The situation I found myself in seemed untenable. Through a series of maneuvers I’d managed to close the distance on a gobbling bird but now could get no closer. The magnification of binoculars showed him strutting for several hens, uphill from my position on the far side of a red maple swamp riddled with puddles, and on the opposite side of a barbed wire fence. To make matters worse, the flock’s proximity prevented me from moving.

I was still a relative novice at the time, but had read enough on the subject to know the odds were firmly stacked against me. “You can’t, call birds downhill… across an obstacle … away from hens,” the books and magazines instructed. But with little alternative I rolled the dice and belted out my best rendition of a lovesick hen. The gobbler responded immediately, a good sign. More calling prompted more response. Then, to my astonishment, the gobbler folded up his fan, abandoned his hens and headed my way. His course was straight downhill at first, then more circuitous as he meandered around the pools of standing water, but on he came. He paused at 20 yards, offering a clear shot and I sealed the deal, seemingly accomplishing the impossible.

When seeking expert advice from veteran turkey hunters you’ll often hear certain pronouncements that hold true much – but not all – of the time. Adhering to these general rules is most often the better course, but when the situation calls for it, it’s OK to bend them a little, and occasionally ignore them altogether. Here are a few examples:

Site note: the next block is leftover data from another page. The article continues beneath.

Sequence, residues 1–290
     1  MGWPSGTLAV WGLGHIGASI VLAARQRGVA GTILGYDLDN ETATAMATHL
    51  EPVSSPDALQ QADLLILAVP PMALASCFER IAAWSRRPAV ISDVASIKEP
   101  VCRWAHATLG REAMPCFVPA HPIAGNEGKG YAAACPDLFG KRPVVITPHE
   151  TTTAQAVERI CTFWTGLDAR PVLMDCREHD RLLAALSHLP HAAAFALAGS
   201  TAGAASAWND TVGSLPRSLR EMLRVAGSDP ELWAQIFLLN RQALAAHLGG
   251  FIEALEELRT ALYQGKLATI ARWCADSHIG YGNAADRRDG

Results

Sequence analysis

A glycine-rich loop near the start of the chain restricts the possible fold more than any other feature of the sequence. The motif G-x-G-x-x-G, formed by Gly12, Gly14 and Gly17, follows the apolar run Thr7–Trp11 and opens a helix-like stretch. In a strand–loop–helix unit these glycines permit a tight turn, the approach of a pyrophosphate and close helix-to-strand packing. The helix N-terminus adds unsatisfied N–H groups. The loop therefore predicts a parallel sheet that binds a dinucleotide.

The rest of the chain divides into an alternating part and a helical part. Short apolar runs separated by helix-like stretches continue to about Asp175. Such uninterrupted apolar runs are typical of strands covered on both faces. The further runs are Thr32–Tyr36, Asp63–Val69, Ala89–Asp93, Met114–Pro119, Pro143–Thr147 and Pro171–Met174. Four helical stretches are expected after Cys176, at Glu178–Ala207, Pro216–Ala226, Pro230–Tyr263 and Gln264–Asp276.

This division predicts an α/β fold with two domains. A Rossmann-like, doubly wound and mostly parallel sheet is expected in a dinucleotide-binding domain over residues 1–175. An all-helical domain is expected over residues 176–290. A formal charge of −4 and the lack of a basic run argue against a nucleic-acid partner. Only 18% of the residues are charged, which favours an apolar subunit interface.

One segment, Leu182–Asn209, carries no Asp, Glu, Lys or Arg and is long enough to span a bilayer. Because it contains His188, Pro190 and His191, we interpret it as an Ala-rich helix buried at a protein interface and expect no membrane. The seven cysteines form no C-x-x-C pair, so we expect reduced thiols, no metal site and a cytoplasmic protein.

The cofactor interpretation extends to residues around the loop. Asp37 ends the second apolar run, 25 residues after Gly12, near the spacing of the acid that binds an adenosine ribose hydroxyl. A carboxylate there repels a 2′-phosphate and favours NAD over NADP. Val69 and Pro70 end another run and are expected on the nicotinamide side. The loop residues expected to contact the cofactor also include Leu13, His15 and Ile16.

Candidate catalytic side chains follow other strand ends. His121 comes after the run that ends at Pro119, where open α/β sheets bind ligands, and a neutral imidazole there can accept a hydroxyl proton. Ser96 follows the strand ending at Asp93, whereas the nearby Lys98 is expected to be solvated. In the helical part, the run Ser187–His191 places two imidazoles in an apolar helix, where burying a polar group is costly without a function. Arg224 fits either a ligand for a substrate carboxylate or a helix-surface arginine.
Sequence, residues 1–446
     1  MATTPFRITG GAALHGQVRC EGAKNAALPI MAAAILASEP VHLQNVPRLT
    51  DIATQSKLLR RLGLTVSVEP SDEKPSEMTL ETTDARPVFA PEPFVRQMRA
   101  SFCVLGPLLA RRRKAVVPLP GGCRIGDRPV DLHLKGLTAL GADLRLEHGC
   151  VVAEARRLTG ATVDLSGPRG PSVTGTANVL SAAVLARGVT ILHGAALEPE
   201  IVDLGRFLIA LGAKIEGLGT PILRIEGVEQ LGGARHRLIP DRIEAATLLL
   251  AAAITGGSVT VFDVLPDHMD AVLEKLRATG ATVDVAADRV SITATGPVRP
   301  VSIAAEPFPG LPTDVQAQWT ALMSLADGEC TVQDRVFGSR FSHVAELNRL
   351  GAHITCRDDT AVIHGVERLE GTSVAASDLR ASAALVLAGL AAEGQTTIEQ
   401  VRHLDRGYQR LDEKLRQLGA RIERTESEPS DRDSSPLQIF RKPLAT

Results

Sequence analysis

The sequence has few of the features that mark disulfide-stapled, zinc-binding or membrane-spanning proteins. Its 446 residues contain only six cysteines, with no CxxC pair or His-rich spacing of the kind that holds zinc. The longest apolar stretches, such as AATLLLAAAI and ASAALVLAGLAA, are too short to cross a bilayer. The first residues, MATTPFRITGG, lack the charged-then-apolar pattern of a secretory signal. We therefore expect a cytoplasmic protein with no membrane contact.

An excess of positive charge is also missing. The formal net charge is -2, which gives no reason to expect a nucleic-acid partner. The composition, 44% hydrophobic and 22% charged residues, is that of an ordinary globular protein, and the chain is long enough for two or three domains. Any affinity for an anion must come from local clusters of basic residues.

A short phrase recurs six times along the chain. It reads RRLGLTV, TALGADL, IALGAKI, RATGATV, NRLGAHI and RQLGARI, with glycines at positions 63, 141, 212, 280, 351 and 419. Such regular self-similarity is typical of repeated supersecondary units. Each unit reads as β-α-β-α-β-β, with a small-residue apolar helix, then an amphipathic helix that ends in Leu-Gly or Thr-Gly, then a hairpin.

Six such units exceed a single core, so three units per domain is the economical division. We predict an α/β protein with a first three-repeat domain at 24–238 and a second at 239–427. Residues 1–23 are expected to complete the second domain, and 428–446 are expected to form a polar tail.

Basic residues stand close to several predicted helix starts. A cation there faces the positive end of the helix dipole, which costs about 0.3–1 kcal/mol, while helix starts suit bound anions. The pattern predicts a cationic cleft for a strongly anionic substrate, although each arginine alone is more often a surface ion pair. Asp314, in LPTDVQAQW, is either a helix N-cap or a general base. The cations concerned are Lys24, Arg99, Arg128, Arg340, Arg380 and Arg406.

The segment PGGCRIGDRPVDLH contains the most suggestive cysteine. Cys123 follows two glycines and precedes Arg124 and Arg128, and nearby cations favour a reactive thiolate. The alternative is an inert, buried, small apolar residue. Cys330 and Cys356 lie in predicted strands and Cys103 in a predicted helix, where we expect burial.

You can’t call a turkey downhill: Turkeys do prefer to move uphill, where visibility is better and their calls can be heard from farther away. But if that’s all they did, pretty soon all the turkeys would be stuck at the top of the hill. It’s better to call from an elevated position when you can. If you can’t get above a bird, you can still call it down, sometimes.

You can’t call a turkey across an obstacle: Your odds go down considerably if the bird you’re calling is on the other side of a fence, waterway or waterbody, but all is not lost. I’ve seen turkeys utterly perplexed by a 4-foot fence, until they realized they could fly. They don’t like to cross streams or get their feet wet, but they will when the urge to breed overcomes their hesitancy. Try to get on their side but if you can’t, make the best of the situation.

You can’t call a tom away from its hens: Most times you can’t, but flocks may contain several toms. While the boss tom will stick with his harem, subordinate, satellite birds may be more inclined to investigate a distant hen. As the sun goes higher in the sky and hens filter off to their nests, even a dominant tom becomes more susceptible to calling, especially if the few remaining hens seem indifferent to his advances.

You’ll never beat a turkey on the draw: If a bird is in range and you’re not in position, any sudden movement will almost certainly send him on his way before you can draw a bead, which may result in a miss or a wounded bird. You still have options, though. One is to wait until the bird’s field of view is obscured to make your move. Another is to move very slowly. They’ll still pick you out but may be more inclined to freeze momentarily before fleeing, giving you a split-second advantage.

Learning the rules can make you a more successful turkey hunter as you’ll know what outcome to expect given a certain set of circumstances. However, they may be better thought of as guidelines. Over the long run, following them will give you better odds. However, turkeys don’t always play by the rules and neither should we. Sometimes you have to break bad in order to be good.

Bob Humphrey is a freelance writer and Registered Maine Guide who lives in Pownal. He can be reached at: [email protected]


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